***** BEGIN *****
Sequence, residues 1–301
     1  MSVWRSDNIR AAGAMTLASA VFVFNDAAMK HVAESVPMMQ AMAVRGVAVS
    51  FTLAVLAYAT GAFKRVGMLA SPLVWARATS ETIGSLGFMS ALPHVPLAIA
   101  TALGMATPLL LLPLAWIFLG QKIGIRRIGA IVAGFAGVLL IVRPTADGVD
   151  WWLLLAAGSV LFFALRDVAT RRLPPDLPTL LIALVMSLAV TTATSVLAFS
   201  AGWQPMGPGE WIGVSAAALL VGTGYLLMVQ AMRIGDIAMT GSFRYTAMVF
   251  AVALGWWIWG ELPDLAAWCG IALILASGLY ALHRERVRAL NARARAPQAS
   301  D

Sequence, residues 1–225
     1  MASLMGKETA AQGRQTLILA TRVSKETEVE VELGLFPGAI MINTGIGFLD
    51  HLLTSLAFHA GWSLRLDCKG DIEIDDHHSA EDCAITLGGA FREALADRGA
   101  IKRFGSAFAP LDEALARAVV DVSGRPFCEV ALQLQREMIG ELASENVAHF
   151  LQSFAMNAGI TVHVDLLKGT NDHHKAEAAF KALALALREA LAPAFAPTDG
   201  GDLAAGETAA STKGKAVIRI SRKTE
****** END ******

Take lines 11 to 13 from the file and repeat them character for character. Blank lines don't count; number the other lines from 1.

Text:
    51  HLLTSLAFHA GWSLRLDCKG DIEIDDHHSA EDCAITLGGA FREALADRGA
   101  IKRFGSAFAP LDEALARAVV DVSGRPFCEV ALQLQREMIG ELASENVAHF
   151  LQSFAMNAGI TVHVDLLKGT NDHHKAEAAF KALALALREA LAPAFAPTDG